Constructive Dismissal

By Greg Pratch
Categories: Blog, Employment Law

An employee that faces a unilateral change to their employment contract may have the right to treat the contract as wrongfully terminated and resign. In these ‘constructive dismissal’ situations, the employee, upon resignation, is entitled to claim damages in lieu of reasonable notice. It is important to note, however, that not every unilateral change amounts to constructive dismissal. The change must affect a fundamental term or condition of the contract.

An employee’s pay is considered a fundamental term or condition of their employment and as a result, a unilaterally imposed reduction in pay may give rise to a constructive dismissal situation. Not every pay reduction, however, amounts to constructive dismissal. The determination of this issue depends on whether there are other significant changes to the employment contract in addition to the reduction of pay as well as the amount of the reduction itself.

Generally speaking, in order for a pay reduction alone to amount to constructive dismissal, courts have suggested that the reduction has to be at least 20% or more of the employee’s total remuneration. A reduction in the range of 14%-17% of the employee’s total remuneration may amount to constructive dismissal, but only if there is an additional significant unilateral change in the terms of employment. These figures, however, are merely guidelines, based on previous court decisions and by no means are absolute rules about when constructive dismissal will arise in cases of pay reduction. Employers and employees alike would be wise to seek legal advice prior to making any employmen decisions relating to a pay reduction.

In addition to base pay or salary, it is important to remember that employees often receive additional forms of compensation as part of their employment contract. This additional compensation may be in the form of benefits like car and phone allowances, stock options, bonuses, etc. The reduction or removal of these benefits, therefore, can give rise to constructive dismissal claims in the same way as a pay reduction alone, depending on such factors as the benefit in question, its value relative to the total remuneration of the employee and its significance in the context of the overall employment relationship.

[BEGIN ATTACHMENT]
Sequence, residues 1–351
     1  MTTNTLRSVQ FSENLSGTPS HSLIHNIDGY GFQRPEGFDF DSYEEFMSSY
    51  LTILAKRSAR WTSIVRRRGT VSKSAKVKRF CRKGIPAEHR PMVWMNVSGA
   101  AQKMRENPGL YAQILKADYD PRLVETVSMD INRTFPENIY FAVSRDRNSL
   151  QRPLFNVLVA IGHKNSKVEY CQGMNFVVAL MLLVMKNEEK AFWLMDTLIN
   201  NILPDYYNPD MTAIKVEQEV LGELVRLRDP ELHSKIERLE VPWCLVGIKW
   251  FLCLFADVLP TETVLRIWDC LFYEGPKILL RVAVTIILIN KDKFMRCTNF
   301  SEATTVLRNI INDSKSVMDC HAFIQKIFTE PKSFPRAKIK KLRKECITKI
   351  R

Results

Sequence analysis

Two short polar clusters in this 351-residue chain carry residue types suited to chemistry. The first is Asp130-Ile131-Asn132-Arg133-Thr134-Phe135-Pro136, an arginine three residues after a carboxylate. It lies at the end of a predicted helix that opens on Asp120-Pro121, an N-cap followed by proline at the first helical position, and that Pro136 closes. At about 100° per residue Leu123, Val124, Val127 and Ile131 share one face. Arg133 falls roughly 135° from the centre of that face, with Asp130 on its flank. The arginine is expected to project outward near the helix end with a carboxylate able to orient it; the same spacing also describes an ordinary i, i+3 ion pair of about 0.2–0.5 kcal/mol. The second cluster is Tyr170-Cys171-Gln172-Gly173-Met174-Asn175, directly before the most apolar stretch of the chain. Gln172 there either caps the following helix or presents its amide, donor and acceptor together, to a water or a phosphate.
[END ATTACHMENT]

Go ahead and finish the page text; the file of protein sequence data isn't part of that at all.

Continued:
The unilateral reduction of employee compensation is only one of several ways in which a constructive dismissal situation can arise in an employment relationship. While we may have some general guidelines as to the size of reduction required to give rise to constructive dismissal, there is still an element of uncertainty when it comes to determining whether a particular change to an employment contract amounts to constructive dismissal. This uncertainty naturally makes decision-making difficult for employers and employees alike. Seeking legal advice will help to ensure that each party understands the risks involved in taking a certain course of action and can help ensure that all relevant considerations are weighed prior to making any decision.